Ugh. It’s been a week and I’m still too sick with bronchitis/sinusitis to work. I know exactly where I got it from, too.
Two weeks ago a friend of mine wanted to socialize. That would have been great, but her baby had a cold. I asked if we could postpone meeting in person until nobody in the family was sick. Well, last Saturday, supposedly everybody was over their cold, so we all met up at a coffee shop.
The first thing I noticed was the green mucus caked around the baby’s nose. At that point, I couldn’t leave without being incredibly rude, so I stayed. And despite assiduous hand-washing and avoiding touching my face, within 24 hours, I was producing industrial quantities of the same green gunk myself.
For the next few days I slept more than 18 hours each and didn’t have the energy to cook or even to read. After 3 days, I was organized enough to put the bread maker on one evening. The next morning I thought I must have forgotten to turn it on at night or that it was broken because I woke up at 11 — 3 hours after the bread was supposed to be ready — and the smell of fresh bread is usually better than an alarm clock. But the bread was ready. I just had no sense of smell or taste whatsoever.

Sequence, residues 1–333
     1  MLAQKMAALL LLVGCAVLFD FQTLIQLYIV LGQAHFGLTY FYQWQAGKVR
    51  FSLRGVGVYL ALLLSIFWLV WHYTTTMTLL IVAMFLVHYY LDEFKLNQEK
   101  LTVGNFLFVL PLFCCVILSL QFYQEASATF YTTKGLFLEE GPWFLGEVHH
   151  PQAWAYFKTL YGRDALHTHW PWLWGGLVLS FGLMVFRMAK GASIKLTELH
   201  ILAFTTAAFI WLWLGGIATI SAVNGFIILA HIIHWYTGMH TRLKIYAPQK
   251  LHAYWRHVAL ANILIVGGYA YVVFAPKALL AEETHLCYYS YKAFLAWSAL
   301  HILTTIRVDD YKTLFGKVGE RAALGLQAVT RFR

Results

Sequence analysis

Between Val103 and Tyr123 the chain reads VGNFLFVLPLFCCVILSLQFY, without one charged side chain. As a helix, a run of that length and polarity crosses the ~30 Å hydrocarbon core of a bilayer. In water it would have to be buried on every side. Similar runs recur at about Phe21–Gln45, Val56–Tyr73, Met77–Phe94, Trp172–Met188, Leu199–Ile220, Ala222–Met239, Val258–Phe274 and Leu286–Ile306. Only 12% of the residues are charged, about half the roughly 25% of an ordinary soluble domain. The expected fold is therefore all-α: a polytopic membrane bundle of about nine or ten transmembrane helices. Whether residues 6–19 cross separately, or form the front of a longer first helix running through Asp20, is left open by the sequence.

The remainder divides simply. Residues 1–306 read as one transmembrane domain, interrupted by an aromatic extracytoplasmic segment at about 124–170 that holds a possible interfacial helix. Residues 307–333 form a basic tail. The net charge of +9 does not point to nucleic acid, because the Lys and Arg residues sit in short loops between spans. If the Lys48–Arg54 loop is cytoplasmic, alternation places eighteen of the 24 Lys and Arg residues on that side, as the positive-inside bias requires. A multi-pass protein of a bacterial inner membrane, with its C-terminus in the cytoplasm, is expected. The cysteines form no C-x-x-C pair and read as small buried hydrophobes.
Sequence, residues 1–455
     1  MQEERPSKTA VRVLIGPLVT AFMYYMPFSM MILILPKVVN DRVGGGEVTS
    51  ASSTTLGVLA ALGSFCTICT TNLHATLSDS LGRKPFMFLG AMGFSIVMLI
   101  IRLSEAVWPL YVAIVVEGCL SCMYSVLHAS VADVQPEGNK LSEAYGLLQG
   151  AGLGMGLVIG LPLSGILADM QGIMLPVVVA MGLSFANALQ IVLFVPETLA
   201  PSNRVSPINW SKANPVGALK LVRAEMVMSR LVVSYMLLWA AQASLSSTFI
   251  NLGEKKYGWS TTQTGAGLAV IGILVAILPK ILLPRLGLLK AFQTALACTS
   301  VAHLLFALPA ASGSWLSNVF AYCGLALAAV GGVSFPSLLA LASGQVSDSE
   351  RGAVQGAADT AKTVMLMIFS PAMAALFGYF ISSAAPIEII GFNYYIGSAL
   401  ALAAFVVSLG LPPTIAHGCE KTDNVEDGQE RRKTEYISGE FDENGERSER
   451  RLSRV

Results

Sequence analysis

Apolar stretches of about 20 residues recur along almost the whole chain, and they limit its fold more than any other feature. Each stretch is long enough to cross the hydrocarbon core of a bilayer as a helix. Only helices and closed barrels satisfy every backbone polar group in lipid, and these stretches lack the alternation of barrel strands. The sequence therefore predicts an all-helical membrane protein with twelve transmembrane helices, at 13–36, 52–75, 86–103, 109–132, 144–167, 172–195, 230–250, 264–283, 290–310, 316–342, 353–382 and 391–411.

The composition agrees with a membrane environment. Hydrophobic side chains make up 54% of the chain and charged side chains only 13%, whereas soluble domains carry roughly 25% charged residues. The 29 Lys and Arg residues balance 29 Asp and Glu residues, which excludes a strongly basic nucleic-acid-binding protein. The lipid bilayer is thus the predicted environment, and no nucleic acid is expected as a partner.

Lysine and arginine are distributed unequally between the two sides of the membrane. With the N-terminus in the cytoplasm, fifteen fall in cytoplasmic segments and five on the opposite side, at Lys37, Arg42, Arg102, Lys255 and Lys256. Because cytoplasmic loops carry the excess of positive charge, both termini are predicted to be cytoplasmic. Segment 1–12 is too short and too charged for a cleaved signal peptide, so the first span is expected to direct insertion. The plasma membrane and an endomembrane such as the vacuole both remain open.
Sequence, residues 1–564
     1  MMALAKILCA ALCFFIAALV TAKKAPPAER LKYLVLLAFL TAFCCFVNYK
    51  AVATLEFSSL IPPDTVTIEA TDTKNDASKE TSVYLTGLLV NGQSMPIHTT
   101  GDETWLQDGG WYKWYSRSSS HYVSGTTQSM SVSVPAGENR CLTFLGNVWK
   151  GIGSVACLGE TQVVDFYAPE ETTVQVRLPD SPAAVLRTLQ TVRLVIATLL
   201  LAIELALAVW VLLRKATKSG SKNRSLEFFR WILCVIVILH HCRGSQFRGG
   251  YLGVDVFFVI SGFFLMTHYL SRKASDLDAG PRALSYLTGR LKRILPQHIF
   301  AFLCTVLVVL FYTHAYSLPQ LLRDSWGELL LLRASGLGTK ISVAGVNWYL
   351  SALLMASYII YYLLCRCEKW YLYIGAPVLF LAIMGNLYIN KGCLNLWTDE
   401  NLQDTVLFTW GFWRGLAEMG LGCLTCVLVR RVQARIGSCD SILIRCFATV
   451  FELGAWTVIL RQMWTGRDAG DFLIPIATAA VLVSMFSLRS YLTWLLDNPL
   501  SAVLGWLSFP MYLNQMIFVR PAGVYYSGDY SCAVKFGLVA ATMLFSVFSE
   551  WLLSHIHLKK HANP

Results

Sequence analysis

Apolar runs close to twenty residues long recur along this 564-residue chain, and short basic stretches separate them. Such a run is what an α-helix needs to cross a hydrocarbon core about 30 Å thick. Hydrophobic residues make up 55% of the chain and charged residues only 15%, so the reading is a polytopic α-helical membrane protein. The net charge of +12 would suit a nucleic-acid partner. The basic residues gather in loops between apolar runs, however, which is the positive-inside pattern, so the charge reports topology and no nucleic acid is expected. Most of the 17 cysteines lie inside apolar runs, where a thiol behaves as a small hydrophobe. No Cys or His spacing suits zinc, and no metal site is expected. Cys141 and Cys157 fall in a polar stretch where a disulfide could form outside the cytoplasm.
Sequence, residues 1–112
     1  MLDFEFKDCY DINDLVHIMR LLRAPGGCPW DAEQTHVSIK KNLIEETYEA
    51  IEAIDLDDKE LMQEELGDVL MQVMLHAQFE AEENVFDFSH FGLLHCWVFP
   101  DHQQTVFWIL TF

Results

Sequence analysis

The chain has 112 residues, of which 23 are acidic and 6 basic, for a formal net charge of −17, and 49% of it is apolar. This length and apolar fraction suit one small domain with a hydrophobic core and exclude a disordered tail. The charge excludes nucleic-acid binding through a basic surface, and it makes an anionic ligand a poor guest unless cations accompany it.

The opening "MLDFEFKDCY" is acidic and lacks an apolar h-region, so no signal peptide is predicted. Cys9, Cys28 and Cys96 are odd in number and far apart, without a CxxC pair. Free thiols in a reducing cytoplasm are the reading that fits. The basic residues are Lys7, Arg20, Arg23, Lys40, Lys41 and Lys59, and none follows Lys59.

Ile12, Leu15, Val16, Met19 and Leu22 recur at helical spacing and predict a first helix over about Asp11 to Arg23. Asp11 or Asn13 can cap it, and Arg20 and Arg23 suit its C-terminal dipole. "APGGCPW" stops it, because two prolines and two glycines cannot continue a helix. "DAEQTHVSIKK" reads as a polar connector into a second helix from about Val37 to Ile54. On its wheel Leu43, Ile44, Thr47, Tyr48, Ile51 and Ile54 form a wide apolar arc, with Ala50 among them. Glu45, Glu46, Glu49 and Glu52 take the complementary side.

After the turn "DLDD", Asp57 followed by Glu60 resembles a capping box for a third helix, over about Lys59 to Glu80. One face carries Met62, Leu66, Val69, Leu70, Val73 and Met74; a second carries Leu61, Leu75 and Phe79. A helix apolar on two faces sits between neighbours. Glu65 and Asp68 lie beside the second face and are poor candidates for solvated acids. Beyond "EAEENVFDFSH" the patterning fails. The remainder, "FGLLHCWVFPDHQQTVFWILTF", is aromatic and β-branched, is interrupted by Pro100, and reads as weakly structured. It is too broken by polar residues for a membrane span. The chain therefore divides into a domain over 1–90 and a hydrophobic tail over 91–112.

It’s been a week now and I’m still on two forms of steroids to help me breathe (inhaler and nasal spray). I’ve been too muddle-headed to work. I had to cancel two dates.
I can’t count the number of times I’ve told friends — not just this friend, but other friends with kids — that I cannot see them when anyone in the family has a cold. I get the impression that most of them consider this to be a kind of paranoia. They largely don’t understand that I will get much sicker than their children. And that their kids are contagious even if they’ve “only got a runny nose now” and are “feeling much better than yesterday.”
The friend I met with last week still invites me to toddler parties and get-togethers at child play centres, even though I mention to her every time that I would prefer to see her in a context that doesn’t involve a large number of kids. I’ve repeatedly spelled out that at least one kid in a group is going to have some kind of cold, and young kids don’t cover their mouths when they cough, etc, but she just doesn’t get it. Maybe her longing for adult conversation overrides her ability to understand my concerns. I don’t know. But I worry that if I overtly connect the dots between the hour I spent with her and her sick child last week and the degree to which I have been sick this week, I suspect she’d be disbelieving, offended, or both.
It’s tough for me to draw the line as well. I don’t want to be a digital hermit — I miss seeing my friends in person, too. I also can’t say 100% that this virus came from my friend’s child, either, even though it’s pretty likely in this case.
Where to draw the line between socializing, with its risk of infection, and staying isolated and lonely, is never clear.
In short, I hate, hate, hate being immune-suppressed.